Across the globe, rapid technological change is transforming the world in which we live. A major challenge for consumers, businesses, and governments alike is the significant innovation taking place in the payment’s ecosystem. As consumers swap cash for cards, the usage of contactless payment devices, including smartphones and smartwatches, proliferates. In the future, it is possible that emerging technologies such as Blockchain, Big Data, and Artificial Intelligence will be fully integrated into the industry. Such a shift offers perceived and subjective benefits for consumers, including greater convenience and security, while enabling financial institutions to profit. But for all the convenience that digital banking and digital payments bring, does the transition to a cashless world have major ramifications for the most underserved segments of society?
As financial institutions all over the world shut down cash machines and close physical branches, it is clear that they are trying to push consumers towards digital payments and digital banking infrastructure. Just as Google wants consumers to access and navigate the broader internet via its privately controlled search portal, it can be argued that financial institutions want consumers to access and navigate the broader economy through their systems. What must be questioned, however, is the authenticity and motivation behind this fundamental change in distribution channels. Are financial institutions seeking to maximize profit through efficient use of technology, or are they responding to changing consumer preferences in an increasingly digital age?
Are We Being Nudged?
In behavioral economics, the concept of ‘nudging’ refers to the process of a powerful institution encouraging consumers to choose a certain option by making the alternatives difficult to choose. Can it be argued that financial institutions are nudging us towards digital banking infrastructure? As financial institutions increasingly limit access to physical money, while simultaneously promoting the use of online channels, do consumers shift their consumption patterns in light of the enhanced utility provided by digitalization, or as a result of the increasing scarcity of physical banking infrastructure that makes traditional banking procedures increasingly more inconvenient?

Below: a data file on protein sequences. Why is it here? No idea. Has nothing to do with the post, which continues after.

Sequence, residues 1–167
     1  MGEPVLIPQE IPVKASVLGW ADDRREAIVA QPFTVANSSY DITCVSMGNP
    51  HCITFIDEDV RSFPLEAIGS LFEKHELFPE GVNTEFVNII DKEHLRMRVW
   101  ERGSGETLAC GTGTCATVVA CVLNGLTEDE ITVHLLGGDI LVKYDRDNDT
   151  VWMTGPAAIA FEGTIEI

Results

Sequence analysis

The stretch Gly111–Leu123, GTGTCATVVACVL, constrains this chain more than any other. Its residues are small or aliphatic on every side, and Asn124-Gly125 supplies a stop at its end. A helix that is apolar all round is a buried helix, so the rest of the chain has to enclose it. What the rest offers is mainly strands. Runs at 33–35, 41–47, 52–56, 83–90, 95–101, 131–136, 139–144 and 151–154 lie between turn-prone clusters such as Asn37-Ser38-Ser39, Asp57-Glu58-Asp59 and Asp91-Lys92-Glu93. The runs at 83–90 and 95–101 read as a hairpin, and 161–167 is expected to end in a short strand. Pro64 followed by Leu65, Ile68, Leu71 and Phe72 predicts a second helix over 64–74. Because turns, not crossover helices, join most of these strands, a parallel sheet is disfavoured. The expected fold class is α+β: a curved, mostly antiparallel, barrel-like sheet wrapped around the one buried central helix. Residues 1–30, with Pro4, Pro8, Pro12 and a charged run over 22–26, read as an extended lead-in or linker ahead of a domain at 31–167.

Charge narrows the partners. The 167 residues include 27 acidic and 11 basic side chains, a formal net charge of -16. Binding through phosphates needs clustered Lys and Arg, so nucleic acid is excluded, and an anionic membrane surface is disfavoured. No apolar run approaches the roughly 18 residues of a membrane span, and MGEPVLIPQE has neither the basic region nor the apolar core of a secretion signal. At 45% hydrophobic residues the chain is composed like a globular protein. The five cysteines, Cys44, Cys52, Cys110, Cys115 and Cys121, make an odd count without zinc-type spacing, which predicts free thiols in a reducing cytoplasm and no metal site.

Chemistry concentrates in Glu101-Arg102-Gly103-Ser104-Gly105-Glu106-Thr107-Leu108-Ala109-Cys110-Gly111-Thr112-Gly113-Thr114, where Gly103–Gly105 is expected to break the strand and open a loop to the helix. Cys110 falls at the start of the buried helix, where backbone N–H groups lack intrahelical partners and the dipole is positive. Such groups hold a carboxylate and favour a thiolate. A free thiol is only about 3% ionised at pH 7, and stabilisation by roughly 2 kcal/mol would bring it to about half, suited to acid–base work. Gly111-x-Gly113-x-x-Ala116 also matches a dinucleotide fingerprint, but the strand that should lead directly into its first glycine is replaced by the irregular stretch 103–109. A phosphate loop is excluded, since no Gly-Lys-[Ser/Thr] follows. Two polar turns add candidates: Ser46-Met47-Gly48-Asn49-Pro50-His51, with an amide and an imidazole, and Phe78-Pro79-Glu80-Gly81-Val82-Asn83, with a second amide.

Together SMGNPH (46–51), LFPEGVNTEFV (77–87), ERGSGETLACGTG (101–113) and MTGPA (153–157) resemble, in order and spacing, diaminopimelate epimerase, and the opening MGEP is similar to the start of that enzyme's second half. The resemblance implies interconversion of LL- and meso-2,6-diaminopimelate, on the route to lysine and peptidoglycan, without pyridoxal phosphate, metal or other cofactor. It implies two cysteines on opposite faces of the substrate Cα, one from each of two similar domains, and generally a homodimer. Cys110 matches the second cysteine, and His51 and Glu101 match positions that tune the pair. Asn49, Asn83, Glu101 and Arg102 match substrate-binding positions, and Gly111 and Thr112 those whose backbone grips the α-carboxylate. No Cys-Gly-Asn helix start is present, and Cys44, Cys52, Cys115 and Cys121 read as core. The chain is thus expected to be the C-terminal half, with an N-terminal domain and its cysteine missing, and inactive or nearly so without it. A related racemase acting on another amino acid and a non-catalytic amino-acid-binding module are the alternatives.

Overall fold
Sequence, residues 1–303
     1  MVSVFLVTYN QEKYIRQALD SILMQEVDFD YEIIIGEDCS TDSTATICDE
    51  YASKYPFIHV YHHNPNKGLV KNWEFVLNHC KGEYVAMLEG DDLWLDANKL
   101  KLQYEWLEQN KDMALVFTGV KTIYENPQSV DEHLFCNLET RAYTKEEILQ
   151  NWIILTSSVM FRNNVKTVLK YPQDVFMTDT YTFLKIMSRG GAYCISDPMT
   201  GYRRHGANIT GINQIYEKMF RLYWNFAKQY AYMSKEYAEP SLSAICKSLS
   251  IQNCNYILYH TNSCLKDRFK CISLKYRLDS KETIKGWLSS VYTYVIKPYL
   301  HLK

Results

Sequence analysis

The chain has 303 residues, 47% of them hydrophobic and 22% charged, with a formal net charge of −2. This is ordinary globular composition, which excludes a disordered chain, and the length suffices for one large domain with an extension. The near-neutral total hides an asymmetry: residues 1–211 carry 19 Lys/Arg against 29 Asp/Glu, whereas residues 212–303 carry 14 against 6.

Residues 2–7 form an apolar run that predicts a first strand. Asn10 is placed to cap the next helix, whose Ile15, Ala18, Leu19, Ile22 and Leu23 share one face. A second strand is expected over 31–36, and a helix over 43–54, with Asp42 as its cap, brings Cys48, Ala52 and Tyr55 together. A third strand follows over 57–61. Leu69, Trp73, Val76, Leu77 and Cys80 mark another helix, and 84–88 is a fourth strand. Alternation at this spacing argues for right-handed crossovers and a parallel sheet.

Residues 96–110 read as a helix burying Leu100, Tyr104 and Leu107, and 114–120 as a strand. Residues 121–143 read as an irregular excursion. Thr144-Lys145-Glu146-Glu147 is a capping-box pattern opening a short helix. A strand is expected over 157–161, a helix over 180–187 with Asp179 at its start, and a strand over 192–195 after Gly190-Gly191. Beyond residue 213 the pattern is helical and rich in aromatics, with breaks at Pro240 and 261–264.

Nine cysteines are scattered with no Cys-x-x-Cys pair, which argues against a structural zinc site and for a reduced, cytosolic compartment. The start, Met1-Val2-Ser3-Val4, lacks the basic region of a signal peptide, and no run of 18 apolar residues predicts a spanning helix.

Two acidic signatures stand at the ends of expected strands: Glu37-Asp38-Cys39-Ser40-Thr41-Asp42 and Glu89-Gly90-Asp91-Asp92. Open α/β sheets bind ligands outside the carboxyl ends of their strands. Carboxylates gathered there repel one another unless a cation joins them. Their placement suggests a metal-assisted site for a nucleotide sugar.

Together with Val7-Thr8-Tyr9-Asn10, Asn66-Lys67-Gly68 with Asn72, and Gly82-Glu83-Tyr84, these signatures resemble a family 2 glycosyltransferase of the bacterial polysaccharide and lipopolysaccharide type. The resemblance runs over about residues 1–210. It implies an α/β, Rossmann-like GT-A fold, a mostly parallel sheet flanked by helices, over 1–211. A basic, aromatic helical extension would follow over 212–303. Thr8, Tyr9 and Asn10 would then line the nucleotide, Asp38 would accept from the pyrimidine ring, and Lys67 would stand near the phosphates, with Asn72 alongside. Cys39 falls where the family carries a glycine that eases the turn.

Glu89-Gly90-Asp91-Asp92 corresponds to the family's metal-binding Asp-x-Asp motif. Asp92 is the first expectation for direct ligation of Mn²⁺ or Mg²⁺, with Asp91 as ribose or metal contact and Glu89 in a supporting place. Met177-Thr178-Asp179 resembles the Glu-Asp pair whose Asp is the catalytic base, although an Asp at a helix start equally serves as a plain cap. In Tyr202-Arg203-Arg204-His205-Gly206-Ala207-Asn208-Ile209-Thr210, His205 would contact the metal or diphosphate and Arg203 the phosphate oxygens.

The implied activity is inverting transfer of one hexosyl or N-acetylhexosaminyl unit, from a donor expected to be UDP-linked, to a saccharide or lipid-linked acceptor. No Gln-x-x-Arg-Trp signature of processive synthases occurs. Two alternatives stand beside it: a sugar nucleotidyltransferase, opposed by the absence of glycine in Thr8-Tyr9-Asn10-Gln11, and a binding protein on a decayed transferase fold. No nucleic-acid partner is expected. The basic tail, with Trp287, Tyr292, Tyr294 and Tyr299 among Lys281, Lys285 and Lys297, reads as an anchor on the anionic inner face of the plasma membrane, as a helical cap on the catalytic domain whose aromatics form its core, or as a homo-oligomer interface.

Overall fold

The concept of interpellation by Louis Althusser argues that human behavior and consumption patterns are a manifestation of a multitude of ideologies that an individual is exposed to and that humans ‘accept’ these ideologies because they are ‘encouraged’ to do so. Presuming that the general consensus within society is that digital banking is more convenient and that cash is simply too inconvenient, one cannot discount the fact that this may be the case simply because financial institutions advertise cash in a particular way, with the outcome being a reverse-engineered belief within society. Twenty years ago, the idea of cash being too inconvenient would have been dismissed immediately. Therefore, is digital banking actually more beneficial?